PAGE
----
on September 15, 2006 the map of the "New Middle East" was displayed in
NATO's Military College in Rome, Italy. It was additionally reported
that Turkish officers were immediately outraged by the presentation
of a portioned and segmented Turkey.8 The map received some form of
approval from the U.S. National War Academy before it was unveiled
in front of NATO officers in Rome.

The Turkish Chief of Staff, General Buyukanit, contacted the U.S.

Chairman of the Joint Chiefs of Staff, General Peter Pace, and
protested the event and the exhibition of the redrawn map of the
Middle East, Afghanistan, and Pakistan.9 Furthermore the Pentagon has
gone out of its way to assure Turkey that the map does not reflect
official U.S. policy and objectives in the region, but this seems
to be conflicting with Anglo-American actions in the Middle East and
NATO-garrisoned Afghanistan.

Is there a Connection between Zbigniew Brzezinski's "Eurasian Balkans"
and the "New Middle East" Project?

The following are important excerpts and passages from former U.S.

National Security Advisor Zbigniew Brzezinski's book, The Grand
Chessboard: American Primacy and Its Geo-strategic Imperatives.

Brzezinski also states that both Turkey and Iran, the two most powerful
states of the "Eurasian Balkans," located on its southern tier, are
"potentially vulnerable to internal ethnic conflicts [balkanization],"
and that, "If either or both of them were to be destabilized, the
internal problems of the region would become unmanageable."10

It seems that a divided and balkanized Iraq would be the best means
of accomplishing this. Taking what we know from the White House's own
admissions there is a belief that "creative destruction and chaos" in
the Middle East are beneficial assets to reshaping the Middle East,
creating the "New Middle East," and furthering the Anglo-American
roadmap in the Middle East and Central Asia:

"In Europe, the Word "Balkans" conjures up images of ethnic conflicts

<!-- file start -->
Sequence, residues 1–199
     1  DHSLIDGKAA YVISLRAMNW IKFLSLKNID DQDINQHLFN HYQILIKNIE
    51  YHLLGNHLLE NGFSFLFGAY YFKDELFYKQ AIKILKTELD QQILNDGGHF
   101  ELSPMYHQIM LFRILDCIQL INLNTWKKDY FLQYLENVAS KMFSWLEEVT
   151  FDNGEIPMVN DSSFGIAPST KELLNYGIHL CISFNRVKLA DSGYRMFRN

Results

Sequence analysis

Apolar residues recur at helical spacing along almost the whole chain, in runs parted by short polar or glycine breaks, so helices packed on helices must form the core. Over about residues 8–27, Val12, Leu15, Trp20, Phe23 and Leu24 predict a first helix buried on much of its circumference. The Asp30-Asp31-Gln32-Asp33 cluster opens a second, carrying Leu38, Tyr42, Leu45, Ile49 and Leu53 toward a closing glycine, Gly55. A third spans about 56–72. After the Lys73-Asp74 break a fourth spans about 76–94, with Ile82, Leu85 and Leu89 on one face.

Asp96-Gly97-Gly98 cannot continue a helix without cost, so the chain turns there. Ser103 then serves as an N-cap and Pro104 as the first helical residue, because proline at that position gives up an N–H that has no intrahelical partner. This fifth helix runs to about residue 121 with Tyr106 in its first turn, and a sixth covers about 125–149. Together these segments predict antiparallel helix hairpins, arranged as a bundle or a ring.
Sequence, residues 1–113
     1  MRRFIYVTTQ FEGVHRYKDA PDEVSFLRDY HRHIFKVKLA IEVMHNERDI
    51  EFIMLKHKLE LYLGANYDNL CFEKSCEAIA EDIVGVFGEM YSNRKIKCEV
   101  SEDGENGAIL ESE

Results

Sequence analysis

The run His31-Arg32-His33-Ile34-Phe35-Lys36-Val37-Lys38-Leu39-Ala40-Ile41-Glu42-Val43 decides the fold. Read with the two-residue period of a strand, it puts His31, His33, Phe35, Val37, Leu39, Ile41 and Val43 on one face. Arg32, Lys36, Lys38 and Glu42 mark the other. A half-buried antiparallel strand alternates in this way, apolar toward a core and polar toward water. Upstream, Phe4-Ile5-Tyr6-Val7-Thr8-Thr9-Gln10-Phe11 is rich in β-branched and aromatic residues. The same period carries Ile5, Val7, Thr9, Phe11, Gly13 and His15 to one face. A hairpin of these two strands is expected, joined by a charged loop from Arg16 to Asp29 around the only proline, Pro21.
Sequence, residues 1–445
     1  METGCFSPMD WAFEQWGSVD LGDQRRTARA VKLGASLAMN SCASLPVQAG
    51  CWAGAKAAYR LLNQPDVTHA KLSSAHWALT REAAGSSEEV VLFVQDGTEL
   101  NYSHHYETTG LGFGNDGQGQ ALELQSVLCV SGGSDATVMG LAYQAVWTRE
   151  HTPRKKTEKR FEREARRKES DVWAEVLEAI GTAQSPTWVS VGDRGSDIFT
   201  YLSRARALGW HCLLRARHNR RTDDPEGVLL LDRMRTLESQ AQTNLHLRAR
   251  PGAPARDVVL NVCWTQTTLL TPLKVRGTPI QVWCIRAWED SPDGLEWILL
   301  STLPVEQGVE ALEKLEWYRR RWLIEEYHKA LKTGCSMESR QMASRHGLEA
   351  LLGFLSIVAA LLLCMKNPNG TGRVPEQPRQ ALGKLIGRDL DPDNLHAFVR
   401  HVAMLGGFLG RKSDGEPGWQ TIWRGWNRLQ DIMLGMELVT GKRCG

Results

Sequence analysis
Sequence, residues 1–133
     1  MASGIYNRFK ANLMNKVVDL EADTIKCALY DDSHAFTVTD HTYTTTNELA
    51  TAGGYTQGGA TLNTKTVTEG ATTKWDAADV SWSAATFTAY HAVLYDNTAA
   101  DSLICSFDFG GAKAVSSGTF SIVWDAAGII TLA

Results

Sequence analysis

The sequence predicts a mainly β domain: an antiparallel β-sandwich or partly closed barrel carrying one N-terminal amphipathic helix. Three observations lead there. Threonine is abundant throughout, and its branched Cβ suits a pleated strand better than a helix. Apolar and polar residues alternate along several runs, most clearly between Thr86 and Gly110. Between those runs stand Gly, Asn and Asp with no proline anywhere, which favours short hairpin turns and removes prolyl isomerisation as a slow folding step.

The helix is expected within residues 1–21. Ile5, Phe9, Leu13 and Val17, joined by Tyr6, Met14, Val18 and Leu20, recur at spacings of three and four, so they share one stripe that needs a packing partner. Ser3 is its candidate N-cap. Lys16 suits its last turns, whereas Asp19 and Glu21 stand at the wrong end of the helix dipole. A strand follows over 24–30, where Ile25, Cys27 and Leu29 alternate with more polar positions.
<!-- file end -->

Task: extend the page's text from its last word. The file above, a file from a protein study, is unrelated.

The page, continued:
and great-power regional rivalries. Eurasia, too, has its "Balkans,"
but the Eurasian Balkans are much larger, more populated, even more
religiously and ethnically heterogeneous. They are located within that
large geographic oblong that demarcates the central zone of global
instability (...) that embraces portions of southeastern Europe,
Central Asia and parts of South Asia [Pakistan, Kashmir, Western
India], the Persian Gulf area, and the Middle East.

The Eurasian Balkans form the inner core of that large oblong (...)
they differ from its outer zone in one particularly significant way:
they are a power vacuum. Although most of the states located in the
Persian Gulf and the Middle East are also unstable, American power
is that region's [meaning the Middle East's] ultimate arbiter. The
unstable region in the outer zone is thus an area of single power
hegemony and is tempered by that hegemony. In contrast, the Eurasian
Balkans are truly reminiscent of the older, more familiar Balkans of
southeastern Europe: not only are its political entities unstable but
they tempt and invite the intrusion of more powerful neighbors, each
of whom is determined to oppose the region's domination by another.

It is this familiar combination of a power vacuum and power suction
that justifies the appellation "Eurasian Balkans."